OnePlus 2 vs OnePlus One: should you upgrade?
Same design language, slight facelift
The OnePlus 2 looks very similar to its predecessor. The updates to its body include a slightly different camera module (to house the laser focus sensor), a metal frame with a speaker grille on its bottom, and a touch-type fingerprint sensor home button at its front. As far as dimensions go, the OnePlus 2 is slightly thicker and ever-so-slightly heavier than its predecessor, which may be a bit of a letdown.
Needless to say, if you were to decide whether an upgrade is worth it purely based on how the device looks, then you'd be hard-pressed to find any good reason to get the OnePlus 2. It does look nice with the slight facelift, but the differences between the two generations are not night and day.
Again, not much has changed. While we don't have access to display measurements as of yet, on paper, both screens seem pretty similar – a 5.5” panel with a 1080 x 1920 resolution adorns both the old and the new handsets. Of course, this is in no way a bad thing – the display on the OnePlus One did not disappoint, aside from being slightly on the bluish side. We like the fact that OnePlus didn't jump on the Quad HD bandwagon and kept the 1080p resolution for its new phone – we hope this will mean good things for the battery life. On the flip side, if you have been waiting for a beyond-crisp resolution to convince you to upgrade your One – we're sorry, but you won't find that on the OnePlus 2.
OnePlus and Cyanogen fell out of love some time last year, as the software developer signed an exclusive deal with India-based Micromax, just as OnePlus was trying to push into the country's market. This sparked a mini drama between both companies and eventually led to OnePlus gathering its own team to program a home-brewed UI for its new devices.
At first sight, the new OxygenOS UI looks to be as close to vanilla Android as Cyanogen OS was. It, again, offers a number of customization options, which are not present on Google's version of the OS, but doesn't seem to bog down the software with a bag of excess tricks. Early reports claim that OxygenOS is yet unstable and tends to crash from time to time, though, OnePlus still has some time to iron out the kinks before launch – here's hoping it's enough.
All in all, it looks like a jump from Cyanogen OS to OxygenOS will not feel too different or uncomfortable. Still, due to the fact that the latter is still new and probably unstable, we'd suggest holding off on purchasing before some more reports of the system's performance become available.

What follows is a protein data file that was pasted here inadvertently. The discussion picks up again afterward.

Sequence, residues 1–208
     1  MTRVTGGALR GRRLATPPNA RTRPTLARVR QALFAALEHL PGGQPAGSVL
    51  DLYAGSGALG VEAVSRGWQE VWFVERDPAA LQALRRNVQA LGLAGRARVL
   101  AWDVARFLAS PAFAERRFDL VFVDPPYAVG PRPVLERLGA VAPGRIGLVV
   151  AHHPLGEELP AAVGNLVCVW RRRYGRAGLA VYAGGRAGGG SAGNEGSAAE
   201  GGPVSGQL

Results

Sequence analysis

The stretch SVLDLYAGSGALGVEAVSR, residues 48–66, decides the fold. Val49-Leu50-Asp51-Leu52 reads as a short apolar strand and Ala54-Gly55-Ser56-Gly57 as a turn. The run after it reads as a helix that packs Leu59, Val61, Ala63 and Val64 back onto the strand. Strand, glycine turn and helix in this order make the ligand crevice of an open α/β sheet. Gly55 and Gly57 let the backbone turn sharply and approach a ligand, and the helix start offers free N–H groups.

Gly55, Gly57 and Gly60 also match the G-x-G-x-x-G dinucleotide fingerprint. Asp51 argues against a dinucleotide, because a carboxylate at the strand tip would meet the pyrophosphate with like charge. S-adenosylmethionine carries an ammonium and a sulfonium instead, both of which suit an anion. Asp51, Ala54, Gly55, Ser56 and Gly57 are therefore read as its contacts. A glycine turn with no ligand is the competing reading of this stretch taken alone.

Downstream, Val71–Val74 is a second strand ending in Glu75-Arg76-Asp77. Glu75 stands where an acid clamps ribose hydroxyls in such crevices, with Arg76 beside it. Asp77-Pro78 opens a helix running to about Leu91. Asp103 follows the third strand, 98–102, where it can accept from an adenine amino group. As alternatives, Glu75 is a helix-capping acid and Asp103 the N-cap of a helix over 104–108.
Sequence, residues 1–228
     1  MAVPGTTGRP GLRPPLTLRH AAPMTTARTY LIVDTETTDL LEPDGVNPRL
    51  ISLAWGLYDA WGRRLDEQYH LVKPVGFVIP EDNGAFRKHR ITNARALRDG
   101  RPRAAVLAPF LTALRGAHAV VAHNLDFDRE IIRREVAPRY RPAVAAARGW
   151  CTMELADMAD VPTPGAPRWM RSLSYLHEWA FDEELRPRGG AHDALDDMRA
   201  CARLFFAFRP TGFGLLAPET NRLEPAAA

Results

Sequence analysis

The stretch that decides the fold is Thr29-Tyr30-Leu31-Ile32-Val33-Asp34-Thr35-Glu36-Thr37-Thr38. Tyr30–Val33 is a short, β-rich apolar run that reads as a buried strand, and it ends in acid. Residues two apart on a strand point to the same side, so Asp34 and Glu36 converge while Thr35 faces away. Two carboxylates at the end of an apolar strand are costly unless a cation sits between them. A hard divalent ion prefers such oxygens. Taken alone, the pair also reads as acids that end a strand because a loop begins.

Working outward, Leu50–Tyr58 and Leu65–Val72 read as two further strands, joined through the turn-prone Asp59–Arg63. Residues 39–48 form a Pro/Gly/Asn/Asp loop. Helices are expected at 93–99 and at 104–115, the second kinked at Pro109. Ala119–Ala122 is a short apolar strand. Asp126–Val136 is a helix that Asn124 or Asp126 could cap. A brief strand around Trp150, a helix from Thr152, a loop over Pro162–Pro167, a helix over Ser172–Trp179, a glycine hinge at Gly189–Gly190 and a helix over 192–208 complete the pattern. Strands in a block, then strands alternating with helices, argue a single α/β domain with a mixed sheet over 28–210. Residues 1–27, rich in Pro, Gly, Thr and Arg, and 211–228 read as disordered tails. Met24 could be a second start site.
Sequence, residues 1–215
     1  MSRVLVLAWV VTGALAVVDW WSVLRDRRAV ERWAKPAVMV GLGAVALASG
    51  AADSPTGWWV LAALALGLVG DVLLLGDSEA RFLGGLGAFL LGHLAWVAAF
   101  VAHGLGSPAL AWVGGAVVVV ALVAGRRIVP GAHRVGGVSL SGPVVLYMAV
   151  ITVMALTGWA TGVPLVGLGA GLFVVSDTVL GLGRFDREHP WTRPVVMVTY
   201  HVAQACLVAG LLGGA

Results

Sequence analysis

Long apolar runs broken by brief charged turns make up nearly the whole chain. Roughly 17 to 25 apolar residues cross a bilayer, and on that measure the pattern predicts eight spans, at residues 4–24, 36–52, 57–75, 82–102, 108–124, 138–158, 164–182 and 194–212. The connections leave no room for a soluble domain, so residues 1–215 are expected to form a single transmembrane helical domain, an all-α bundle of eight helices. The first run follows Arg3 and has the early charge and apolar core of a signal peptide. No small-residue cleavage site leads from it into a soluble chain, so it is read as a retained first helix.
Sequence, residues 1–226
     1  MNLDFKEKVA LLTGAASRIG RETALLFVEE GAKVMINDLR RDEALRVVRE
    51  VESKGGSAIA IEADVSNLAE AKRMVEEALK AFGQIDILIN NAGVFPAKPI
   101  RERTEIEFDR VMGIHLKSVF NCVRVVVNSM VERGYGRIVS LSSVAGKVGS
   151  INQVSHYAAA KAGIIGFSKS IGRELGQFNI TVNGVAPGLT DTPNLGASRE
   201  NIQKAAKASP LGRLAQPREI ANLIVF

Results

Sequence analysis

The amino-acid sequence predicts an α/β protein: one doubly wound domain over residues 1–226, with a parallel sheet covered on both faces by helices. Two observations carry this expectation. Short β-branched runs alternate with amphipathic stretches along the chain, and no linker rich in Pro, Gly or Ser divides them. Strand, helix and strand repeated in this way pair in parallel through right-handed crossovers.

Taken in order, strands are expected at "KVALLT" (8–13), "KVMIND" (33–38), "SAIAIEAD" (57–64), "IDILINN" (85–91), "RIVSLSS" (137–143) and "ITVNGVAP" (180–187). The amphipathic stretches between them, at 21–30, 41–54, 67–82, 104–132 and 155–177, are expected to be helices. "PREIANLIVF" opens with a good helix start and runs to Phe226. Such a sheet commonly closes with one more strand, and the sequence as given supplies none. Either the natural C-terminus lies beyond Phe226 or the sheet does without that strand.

64-bit processor and 4 GB of RAM
Something that definitely sets the OnePlus 2 apart is its 4 GB of RAM. Certainly a rarity among smartphones nowadays, and we'd say it definitely adds a sense of future-proofing to the device. We assume that this amount of memory will be the norm among flagships in 2016, but for this year – OnePlus 2 is certainly a rare monster.
As far as the SoC goes – it packs a 64-bit Snapdragon 810, whereas the OnePlus One bears a 32-bit Snapdragon 801. Now, we know that overheating might be a concern here, and we can't wait to get our hands on a unit and do all the tests we can think of. However, tester reports claim that the phone doesn't seem to go too hot, or suffer a performance drop after excessive use, so, for now, we will take that for what it is. In terms of tech longevity – the OnePlus 2 is definitely the better bet. However, the One is still pretty snappy, so if you don't feel like it needs to be updated, we definitely see why you wouldn't.
Both phones sport a Sony IMX214 13 MP sensor with an F2.0 aperture. The OnePlus 2, however, adds OIS and laser autofocus, so it's the clear winner here. Initial camera samples and comparisons are pretty impressive and we'd say that if a top-notch camera is the driving force behind your upgrade decisions, then you should definitely go for the OnePlus 2.
It's pretty clear-cut here – the OnePlus 2 has it, the OnePlus One does not. If you want to be a part of the cool-boys-with-fingerprint-scanners club, an upgrade is the clear choice for you. The OnePlus 2 sports a touch-type button on its front, which can also be customized to do various actions as you tap on it (it can do Samsung's double-tap for camera, but it can do anything else you set it to as well).
In all fairness, there isn't enough in the OnePlus 2 to warrant an upgrade from the One. Casual users, or even slightly more tech-engaged aficionados, will not feel inclined to ditch their old Flagship Killer just yet. This doesn't make the OnePlus 2 a bad device at all. It will definitely be alluring for hardcore fans, full-on tech heads, and newcomers to the brand, though, it's missing some of the high-tech flair, such as wireless charging, quick charging, and NFC. If anything, this comparison has shown us that the OnePlus One is still a pretty adequate device that can easily take you through 2015, as long as you don't insist on owning the newest piece of equipment from the company.